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Ep. 503: John Miller Interview with Michael Covel on Trend Following Radio

John Miller
John Miller

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John Miller, author of “QBQ: The Question behind the Question”, is on today’s podcast. John’s message is all about person responsibility. His dad was the wrestling coach at Cornell University and he taught John the foundation for his way of thinking early on.

What could I have done different? How could I have done a better job? These are just a couple questions John tells people to ask themselves before they try and pass blame onto someone else. John shares a personal story of someone going above and beyond in their service. This story is referred to as “The coke story.” He shares it with every audience he speaks in front of because it is the perfect example of someone going above and beyond. John says that people need to rise above situations, swallow pride, and fix problems even if it wasn’t their mistake to fix.

Next, John shares what he did before writing books and doing speaking engagements. He was bored and depressed working behind a desk. Michael asks, “Even in a bored and depressed state, did you ever have a victim mentality in your psyche?” John shares another personal story about him shutting down an entire branch of his company (for good reason) so he could move locations and be in a more positive place. He says that he has always been proactive in how he looks at a situation. He gives a few “rule of thumb” phrases to try and stay away from: Whenever you ask “Why me”, that is falling into a victim mentality. “When” questions are typically linked to procrastination. “Who” questions seek culprits or people to pass blame onto. Ask questions that contain an “I” in there because “I” can only change me.”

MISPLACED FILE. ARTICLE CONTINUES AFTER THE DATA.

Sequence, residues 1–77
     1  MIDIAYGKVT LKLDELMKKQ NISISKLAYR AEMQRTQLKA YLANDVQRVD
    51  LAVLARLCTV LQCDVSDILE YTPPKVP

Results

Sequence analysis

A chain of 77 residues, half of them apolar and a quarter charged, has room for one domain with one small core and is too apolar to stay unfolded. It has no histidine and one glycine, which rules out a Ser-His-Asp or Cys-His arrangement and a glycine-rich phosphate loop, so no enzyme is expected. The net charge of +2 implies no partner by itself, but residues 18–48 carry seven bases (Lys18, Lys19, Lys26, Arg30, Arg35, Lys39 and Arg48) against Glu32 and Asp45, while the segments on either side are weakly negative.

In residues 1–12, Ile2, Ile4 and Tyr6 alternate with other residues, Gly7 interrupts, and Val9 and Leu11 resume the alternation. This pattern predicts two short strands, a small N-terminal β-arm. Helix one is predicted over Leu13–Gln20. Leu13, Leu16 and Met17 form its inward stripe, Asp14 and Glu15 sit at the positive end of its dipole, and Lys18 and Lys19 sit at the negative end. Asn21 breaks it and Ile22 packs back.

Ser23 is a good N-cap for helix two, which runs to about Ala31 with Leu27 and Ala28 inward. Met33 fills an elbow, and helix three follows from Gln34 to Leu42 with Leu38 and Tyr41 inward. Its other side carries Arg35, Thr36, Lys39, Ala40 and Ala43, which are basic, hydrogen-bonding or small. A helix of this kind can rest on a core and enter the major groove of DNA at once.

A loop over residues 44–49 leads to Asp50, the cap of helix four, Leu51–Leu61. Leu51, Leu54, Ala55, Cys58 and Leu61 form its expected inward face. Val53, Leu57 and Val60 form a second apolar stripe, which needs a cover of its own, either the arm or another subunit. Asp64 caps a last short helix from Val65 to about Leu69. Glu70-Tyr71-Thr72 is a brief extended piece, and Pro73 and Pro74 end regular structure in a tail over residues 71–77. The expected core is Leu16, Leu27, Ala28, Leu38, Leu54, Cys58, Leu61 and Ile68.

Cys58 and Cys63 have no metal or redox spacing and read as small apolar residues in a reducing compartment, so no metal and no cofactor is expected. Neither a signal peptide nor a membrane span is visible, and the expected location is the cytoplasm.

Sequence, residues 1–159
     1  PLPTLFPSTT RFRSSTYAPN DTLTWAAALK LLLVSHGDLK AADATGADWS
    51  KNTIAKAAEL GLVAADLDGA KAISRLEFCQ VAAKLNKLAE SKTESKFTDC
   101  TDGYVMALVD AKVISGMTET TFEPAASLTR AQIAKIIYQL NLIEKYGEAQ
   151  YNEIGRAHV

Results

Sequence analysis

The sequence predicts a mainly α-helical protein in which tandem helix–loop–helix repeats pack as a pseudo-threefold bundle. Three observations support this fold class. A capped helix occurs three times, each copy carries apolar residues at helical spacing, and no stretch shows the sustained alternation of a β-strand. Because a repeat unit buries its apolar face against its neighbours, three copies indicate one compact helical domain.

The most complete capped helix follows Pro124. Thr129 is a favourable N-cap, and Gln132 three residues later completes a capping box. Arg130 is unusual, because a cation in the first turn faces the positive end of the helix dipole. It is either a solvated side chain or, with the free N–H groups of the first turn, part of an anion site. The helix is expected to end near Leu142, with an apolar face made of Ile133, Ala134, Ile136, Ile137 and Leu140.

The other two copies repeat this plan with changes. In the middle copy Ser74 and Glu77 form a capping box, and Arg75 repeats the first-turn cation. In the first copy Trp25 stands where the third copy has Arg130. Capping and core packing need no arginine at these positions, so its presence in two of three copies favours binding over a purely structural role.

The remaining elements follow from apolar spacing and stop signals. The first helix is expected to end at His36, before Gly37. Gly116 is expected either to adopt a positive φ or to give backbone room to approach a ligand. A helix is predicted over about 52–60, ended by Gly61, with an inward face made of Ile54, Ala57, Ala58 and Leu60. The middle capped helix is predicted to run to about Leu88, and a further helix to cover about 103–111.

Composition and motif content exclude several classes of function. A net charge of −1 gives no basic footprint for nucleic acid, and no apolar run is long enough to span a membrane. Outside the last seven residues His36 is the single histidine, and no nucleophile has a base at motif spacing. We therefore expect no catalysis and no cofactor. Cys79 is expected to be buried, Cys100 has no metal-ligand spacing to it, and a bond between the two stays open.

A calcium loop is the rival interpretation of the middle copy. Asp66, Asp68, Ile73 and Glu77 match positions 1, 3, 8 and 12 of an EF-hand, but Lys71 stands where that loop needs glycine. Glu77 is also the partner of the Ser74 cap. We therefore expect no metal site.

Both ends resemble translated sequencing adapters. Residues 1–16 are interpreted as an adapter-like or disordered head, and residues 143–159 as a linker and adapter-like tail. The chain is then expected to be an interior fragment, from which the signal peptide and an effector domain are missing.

In this episode of Trend Following Radio:

  • Staying accountable for your actions
  • Social media bullying and accountability
  • Stress is a choice
  • Asking yourself the right questions to stay accountable
  • Entitlement

“Accountable people don’t blame others, and they don’t even blame themselves.” – John Miller